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The 130kg giant-sized former NRL prospect tasked with replacing Tupou and Skelton

By AAP
Pone Fa'amausili during a Wallabies training session ahead of the Rugby World Cup France 2023, at Stade Roger Baudras on September 14, 2023 in Saint-Etienne, France. (Photo by Chris Hyde/Getty Images)

Returning prop Pone Fa’amausili is set to be a giant factor in the Wallabies’ crunch clash with Wales, literally and figuratively.

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Missing big bodies Will Skelton and Taniela Tupou through injury for their must-win match in Lyon on Sunday (Monday AEST), Fa’amausili will make a timely return from a calf injury.

Weighing in at 130 kilograms and almost two metres tall, the Wallabies will look to Fa’amausili for some punch through the middle against the Welsh, a quality clearly lacking in their shock loss to Fiji last round.

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The tighthead prop also offers surprising pace and balance for his size, with his Melbourne Rebels coach Kevin Foote once describing him as like a “hippo on ice skates”.

Fa’amausili had his first Test start in the Bledisloe Cup clash against the All Blacks in Dunedin earlier this year, which the Wallabies lost by three points, turning in his best performance in the gold jersey.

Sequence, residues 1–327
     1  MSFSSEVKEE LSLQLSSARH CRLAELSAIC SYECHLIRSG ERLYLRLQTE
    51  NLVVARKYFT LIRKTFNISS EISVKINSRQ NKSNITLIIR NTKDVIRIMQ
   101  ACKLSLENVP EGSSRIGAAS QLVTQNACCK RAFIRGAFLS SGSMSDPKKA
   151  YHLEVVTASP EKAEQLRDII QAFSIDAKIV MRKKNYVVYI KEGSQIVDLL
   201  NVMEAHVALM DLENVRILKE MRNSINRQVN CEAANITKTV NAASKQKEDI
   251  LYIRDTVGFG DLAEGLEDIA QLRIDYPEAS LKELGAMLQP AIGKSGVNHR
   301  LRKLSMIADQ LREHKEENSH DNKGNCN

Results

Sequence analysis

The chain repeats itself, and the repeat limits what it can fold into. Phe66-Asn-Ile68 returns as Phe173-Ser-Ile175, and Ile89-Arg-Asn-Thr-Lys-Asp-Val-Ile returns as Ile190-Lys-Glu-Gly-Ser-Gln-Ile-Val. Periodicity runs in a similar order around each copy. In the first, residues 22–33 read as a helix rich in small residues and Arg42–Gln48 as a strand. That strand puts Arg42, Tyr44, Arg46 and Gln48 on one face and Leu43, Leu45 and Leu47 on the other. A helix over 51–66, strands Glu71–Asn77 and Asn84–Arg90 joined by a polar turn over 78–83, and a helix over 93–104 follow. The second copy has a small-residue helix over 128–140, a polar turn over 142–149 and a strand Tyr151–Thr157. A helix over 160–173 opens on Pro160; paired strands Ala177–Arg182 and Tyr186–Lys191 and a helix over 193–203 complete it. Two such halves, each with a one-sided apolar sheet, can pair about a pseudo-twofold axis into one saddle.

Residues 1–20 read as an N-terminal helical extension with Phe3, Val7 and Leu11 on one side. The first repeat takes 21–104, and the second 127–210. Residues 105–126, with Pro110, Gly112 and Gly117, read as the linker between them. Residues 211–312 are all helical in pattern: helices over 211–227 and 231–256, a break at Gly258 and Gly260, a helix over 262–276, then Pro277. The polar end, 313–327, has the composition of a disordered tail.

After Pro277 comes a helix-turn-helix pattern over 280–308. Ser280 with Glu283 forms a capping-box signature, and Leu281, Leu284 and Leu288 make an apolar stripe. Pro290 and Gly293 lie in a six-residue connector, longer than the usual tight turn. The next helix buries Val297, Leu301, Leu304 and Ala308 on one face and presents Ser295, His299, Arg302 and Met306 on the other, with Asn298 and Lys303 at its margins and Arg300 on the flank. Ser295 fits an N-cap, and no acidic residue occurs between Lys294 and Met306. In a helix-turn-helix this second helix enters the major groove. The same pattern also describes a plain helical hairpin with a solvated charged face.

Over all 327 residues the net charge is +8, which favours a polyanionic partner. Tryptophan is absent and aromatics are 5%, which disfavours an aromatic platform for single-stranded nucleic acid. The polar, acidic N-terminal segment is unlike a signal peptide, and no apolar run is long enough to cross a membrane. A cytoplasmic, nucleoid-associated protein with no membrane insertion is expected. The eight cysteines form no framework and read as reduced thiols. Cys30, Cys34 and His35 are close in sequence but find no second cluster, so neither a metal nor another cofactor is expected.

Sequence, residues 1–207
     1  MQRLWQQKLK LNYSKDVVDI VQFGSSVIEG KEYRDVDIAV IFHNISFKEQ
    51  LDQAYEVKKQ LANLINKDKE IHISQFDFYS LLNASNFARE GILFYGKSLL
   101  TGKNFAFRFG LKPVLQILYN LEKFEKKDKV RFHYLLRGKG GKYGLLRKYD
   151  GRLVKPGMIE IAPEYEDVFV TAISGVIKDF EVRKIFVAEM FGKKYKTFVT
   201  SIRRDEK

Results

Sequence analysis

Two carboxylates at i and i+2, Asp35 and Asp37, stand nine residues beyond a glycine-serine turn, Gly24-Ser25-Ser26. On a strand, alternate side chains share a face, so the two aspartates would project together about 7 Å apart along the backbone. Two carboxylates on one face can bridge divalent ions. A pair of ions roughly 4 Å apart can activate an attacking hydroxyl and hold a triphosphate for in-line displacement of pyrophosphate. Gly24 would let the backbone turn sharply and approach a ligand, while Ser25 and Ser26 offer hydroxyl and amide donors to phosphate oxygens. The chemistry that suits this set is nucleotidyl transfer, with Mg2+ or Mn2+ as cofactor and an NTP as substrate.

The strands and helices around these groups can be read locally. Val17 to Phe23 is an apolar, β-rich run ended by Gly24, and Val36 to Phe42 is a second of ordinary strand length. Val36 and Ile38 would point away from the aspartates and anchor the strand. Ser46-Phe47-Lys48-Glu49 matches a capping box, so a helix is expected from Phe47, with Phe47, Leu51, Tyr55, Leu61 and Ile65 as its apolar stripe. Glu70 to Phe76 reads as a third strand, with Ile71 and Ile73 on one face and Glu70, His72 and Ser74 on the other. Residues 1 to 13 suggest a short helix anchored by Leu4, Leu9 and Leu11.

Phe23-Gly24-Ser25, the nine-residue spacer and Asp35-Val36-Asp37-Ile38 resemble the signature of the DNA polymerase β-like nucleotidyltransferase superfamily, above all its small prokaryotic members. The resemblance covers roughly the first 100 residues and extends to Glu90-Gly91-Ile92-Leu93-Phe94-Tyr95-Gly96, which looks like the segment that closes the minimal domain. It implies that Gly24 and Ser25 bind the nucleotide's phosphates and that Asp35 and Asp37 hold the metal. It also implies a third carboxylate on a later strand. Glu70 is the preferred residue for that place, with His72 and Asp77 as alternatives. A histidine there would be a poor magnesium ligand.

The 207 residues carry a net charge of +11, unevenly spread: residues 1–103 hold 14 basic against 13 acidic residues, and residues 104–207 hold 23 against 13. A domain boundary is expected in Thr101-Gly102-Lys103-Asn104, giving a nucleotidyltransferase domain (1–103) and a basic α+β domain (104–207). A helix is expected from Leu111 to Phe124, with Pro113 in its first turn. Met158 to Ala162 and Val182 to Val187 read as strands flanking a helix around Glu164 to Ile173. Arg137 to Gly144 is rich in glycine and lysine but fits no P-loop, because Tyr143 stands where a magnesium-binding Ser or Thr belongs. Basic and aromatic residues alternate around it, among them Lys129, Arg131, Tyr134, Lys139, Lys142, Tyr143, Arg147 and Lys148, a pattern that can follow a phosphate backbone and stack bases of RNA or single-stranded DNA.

Head-to-Head

Last 5 Meetings

Wins
3
Draws
0
Wins
2
Average Points scored
27
21
First try wins
40%
Home team wins
40%

He was described this week by Wallabies scrum coach Neal Hatley as the biggest improver in the Australian squad, particularly as a scrummager.

“He’s our most improved player; for a guy who didn’t start regularly for the Rebels, to doing what he’s doing at the moment – it’s phenomenal,” Hatley said.

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“His body’s changed, his whole attitude, his mindset how he approaches training.

“We can’t be more pleased with where he’s going and what’s ahead of him, not just this weekend but moving forward.”

Melbourne born and bred, Fa’amausili spent time in the youth rugby league teams at the Storm, Dragons and Panthers but admitted he wasn’t ready mentally to make the step up to the NRL.

He tagged along with a friend to trials for the Rebels’ under-20 side and before long Fa’amausili was playing for the Australian youth side.

He made his Super debut a year later in 2018 and hasn’t looked back.

He said he had leaned on Wallabies’ coach Eddie Jones and teammate Tupou to help him fulfil his potential as a Test player.

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“Obviously, being a Test prop you’ve got to know your role, which is my set-piece, and I’m still new to this game,” Fa’amausili said.

“I’m only six years into being a professional and I come from a league background and scrummaging is not easy.

“Coming from league where they just pack down, with not really a technical side to it, to come to rugby and pick up being a tighthead, it wasn’t easy and I’m still learning.”

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